Scientists have just found a man who cannot contact the virus that causes Aids – and his blood may hold the key to developing the first vaccine.
In his blood, the New Yorker, Stephen Crohn, has the first known substance in the world that will defeat the HIV virus. Scientists already knew of many individuals who remain healthy for a very long time between infection with HIV and developing full blown Aids.
The difference in the case of Mr Crohn and the others now identified is that they appear to be resistant to infection with HIV in the first place. Mr Crohn, 49, a freelance editor for Fodor’s Travel Guides, and another New Yorker who also appears to be immune, were discovered by a young Glaswegian scientist, Dr Bill Paxton, of the Aaron Diamond Aids Research Center in New York. Dr Paxton and his colleagues have found a further 23 people who, although not completely immune, show some degree of resistance to HIV infection. Many have remained free of HIV despite a history of unsafe sex with multiple sexual partners who subsequently died of Aids.
From these individuals, Dr Paxton and his colleagues have taken the white blood cells, known as CD4 cells, which are the particular target of HIV, cultured the cells in the laboratory, and tried unsuccessfully to infect them with HIV.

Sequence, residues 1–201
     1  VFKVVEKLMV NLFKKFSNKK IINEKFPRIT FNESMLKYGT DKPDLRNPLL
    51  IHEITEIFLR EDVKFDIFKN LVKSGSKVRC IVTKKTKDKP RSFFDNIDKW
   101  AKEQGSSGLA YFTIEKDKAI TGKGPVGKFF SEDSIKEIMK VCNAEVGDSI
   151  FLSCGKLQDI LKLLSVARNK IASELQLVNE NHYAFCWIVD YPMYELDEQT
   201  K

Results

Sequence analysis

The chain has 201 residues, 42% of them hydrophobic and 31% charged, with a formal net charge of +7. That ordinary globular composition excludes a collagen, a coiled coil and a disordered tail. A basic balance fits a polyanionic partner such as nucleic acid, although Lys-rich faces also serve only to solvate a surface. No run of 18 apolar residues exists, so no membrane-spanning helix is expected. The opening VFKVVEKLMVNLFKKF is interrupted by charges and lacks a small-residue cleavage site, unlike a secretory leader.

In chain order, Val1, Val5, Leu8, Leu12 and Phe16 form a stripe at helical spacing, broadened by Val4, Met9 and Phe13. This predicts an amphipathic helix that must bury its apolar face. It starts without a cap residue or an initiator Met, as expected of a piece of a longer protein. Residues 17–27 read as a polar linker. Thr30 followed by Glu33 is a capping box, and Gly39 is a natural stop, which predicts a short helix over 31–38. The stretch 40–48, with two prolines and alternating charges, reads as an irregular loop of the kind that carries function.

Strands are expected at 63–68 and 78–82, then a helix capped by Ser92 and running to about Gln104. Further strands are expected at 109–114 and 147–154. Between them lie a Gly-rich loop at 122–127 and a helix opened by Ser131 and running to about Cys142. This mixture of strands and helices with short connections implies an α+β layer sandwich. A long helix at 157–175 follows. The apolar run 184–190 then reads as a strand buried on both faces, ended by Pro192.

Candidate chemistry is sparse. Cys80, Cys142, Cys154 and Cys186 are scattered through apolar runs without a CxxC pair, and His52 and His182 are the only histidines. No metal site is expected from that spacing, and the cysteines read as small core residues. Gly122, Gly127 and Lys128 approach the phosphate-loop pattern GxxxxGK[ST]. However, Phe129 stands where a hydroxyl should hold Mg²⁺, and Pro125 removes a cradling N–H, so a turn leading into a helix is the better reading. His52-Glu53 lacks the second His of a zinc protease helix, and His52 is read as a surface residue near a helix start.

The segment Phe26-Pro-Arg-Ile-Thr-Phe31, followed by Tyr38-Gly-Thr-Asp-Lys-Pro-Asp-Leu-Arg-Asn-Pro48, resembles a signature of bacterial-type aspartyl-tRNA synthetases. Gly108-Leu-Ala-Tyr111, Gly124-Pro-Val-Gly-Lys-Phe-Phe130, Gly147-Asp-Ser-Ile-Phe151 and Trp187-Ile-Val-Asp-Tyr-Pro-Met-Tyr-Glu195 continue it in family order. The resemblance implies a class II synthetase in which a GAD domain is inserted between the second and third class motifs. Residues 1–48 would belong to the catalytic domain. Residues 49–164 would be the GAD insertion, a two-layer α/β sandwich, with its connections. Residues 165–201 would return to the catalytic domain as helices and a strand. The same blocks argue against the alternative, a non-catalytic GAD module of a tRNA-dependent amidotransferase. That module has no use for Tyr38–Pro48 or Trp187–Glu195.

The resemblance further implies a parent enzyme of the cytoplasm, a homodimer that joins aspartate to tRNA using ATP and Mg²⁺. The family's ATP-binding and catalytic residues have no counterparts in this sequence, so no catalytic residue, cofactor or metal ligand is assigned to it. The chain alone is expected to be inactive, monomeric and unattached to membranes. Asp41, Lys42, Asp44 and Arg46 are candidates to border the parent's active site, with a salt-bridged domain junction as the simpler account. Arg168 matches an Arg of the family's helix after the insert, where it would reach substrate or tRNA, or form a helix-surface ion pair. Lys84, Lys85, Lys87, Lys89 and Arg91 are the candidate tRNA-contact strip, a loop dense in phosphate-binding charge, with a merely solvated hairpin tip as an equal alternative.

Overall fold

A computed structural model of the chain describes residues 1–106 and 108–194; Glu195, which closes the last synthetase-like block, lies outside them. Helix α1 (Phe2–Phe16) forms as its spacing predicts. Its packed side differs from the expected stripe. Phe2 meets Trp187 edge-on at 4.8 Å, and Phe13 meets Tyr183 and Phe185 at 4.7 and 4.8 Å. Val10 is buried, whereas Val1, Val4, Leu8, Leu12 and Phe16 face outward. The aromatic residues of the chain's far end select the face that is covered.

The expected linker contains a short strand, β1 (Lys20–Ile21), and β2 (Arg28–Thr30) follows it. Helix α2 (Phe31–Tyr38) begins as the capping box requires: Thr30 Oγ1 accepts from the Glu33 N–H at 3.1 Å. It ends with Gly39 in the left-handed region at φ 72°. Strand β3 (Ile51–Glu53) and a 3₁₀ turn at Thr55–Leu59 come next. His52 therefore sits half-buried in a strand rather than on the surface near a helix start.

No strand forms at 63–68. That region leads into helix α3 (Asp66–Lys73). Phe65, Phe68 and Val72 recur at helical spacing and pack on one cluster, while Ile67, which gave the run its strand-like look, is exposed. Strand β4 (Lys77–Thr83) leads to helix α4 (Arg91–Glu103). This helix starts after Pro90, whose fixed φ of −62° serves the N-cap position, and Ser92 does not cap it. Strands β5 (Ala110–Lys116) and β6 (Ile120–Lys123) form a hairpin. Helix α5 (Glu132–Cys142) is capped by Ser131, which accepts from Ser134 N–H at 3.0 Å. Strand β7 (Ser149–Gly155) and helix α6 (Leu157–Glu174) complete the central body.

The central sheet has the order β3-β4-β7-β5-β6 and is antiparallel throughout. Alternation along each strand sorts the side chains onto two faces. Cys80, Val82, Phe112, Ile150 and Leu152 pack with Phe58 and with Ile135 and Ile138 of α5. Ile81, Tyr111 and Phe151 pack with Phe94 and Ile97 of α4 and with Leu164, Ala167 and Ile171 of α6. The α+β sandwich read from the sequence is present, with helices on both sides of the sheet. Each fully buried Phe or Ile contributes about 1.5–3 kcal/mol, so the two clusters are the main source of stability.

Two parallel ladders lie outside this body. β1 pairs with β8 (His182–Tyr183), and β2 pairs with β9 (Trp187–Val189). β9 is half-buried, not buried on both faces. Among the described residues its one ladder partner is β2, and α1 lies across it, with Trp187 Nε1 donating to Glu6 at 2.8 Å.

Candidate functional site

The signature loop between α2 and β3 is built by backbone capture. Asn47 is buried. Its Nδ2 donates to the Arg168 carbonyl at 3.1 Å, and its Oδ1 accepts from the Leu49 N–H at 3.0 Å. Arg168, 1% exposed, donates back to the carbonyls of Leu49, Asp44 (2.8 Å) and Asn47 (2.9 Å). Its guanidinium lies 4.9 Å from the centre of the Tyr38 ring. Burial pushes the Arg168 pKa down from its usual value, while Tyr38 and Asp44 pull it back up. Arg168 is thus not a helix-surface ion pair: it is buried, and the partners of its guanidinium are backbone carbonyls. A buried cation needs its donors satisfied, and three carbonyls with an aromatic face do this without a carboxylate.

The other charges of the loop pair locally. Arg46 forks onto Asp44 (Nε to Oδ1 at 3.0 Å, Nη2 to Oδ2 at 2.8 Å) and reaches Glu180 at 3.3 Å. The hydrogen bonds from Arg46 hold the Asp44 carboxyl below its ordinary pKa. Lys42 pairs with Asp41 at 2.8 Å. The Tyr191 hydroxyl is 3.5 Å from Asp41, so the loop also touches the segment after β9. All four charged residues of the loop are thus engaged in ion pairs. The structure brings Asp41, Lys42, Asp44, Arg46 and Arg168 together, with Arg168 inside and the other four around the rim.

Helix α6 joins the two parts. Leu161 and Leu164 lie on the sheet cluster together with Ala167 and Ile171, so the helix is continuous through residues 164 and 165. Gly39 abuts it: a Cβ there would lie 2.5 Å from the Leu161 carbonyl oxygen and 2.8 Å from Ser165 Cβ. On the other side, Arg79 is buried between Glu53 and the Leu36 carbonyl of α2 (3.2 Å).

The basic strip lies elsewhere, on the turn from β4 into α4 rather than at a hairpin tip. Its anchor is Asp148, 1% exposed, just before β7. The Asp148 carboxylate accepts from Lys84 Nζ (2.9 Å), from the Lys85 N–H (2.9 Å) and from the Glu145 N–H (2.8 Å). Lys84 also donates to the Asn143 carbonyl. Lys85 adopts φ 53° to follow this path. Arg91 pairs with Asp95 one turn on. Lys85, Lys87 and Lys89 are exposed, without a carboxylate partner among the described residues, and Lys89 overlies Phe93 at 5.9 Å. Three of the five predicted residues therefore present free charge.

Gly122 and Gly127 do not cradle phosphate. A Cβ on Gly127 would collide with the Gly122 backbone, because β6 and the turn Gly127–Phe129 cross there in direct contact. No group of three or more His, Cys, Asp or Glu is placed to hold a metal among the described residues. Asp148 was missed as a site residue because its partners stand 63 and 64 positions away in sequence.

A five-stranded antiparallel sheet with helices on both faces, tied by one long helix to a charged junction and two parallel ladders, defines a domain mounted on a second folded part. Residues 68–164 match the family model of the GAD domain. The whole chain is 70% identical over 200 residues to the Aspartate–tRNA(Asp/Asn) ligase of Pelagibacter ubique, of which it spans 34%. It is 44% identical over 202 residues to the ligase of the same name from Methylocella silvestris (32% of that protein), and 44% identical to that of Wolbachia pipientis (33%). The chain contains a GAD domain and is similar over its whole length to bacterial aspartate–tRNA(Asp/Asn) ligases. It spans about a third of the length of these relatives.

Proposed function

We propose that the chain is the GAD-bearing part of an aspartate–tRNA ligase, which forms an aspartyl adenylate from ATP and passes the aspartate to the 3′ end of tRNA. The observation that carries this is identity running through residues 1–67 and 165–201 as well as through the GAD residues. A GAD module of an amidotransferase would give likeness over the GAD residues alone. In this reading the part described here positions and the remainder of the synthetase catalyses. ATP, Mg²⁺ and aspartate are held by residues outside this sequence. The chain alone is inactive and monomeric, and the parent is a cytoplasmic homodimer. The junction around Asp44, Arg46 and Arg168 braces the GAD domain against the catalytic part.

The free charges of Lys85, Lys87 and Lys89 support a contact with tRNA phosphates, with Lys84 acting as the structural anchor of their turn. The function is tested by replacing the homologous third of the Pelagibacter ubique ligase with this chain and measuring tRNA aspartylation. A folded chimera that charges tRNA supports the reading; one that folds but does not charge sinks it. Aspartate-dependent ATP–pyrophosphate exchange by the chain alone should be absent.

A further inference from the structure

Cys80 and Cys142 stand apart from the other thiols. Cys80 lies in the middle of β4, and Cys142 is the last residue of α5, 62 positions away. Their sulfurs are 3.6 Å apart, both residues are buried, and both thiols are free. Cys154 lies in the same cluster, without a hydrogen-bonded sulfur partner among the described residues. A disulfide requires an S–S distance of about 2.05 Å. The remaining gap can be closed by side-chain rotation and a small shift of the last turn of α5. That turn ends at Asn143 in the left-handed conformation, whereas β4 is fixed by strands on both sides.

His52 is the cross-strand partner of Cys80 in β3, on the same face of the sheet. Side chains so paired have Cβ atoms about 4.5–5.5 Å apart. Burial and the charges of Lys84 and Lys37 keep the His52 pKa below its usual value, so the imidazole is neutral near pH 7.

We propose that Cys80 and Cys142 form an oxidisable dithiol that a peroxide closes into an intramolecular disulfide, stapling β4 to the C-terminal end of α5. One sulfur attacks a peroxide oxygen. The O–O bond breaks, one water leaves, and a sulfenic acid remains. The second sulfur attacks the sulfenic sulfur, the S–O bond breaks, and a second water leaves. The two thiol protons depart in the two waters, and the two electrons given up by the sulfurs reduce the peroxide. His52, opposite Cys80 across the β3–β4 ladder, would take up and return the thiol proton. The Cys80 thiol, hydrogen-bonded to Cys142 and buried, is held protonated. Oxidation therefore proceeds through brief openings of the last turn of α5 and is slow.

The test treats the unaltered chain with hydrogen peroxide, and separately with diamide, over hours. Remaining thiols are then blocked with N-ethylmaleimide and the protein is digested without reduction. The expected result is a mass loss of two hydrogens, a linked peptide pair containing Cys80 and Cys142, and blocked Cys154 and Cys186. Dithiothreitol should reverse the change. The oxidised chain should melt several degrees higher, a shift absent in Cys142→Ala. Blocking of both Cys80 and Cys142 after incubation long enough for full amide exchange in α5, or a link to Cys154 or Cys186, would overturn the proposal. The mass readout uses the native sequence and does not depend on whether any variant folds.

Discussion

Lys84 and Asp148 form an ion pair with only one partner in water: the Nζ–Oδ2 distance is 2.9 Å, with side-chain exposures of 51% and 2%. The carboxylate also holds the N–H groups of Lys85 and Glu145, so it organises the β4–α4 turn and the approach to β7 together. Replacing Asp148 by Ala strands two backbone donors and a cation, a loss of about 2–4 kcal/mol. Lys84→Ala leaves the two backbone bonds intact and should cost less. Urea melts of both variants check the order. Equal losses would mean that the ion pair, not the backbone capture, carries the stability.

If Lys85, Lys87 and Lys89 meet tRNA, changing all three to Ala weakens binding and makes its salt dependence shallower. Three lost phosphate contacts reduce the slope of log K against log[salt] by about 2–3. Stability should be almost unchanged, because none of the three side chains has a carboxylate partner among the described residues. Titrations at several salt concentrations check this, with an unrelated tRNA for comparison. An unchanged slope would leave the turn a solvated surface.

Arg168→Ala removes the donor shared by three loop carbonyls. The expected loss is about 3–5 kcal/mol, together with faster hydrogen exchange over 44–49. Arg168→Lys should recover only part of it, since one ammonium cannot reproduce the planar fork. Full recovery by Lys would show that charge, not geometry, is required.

In the case of Mr Crohn’s cells, the researchers could only get the infection to “take” by flooding the cultured cells with huge amounts of virus, far more than would be present in the course of a naturally occurring form of infection. There have been indications that some people might be resistant to HIV infection, because of the chance shuffling of the genes they inherited from their parents. But this evidence is only statistical.
The new research has identified specific individuals and their biochemistry to work out the precise mechanism of resistance. Dr Paxton said, “If we can determine what is protecting these people then you ca n envisage therapy or vaccine design.” Dr Paxton and his colleagues have already identified one set of biochemical compounds, known as chemokines, which appear to be acting in these people to defeat HIV.
These substances were first recognised only five years ago and appear to play a role in the immune system. They report their findings in the April issue of the scientific journal Nature Medicine.
Conventional vaccines consist of antibodies to the infecting agent produced by the immune system. But, partly because HIV subverts the cells of the immune system itself and partly because it is highly variable, no one has succeeded in producing a vaccine against it. The chemokines Dr Paxton and his colleagues have found are not antibodies.
They are involved in the “inflammatory” response, when a wound or site of infection becomes inflamed. “I do not believe that next week everybody will be injecting chemokines and curing Aids, but definitely we’re on a line,” Dr Paxton said. He stressed that any vaccine or treatment was still a long way off: “I’m really worried about how people will take this news – people should not give up a safe sex policy.” For Mr Crohn, the thought that his blood might hold a vital secret in the battle against Aids “would be very touching to me.”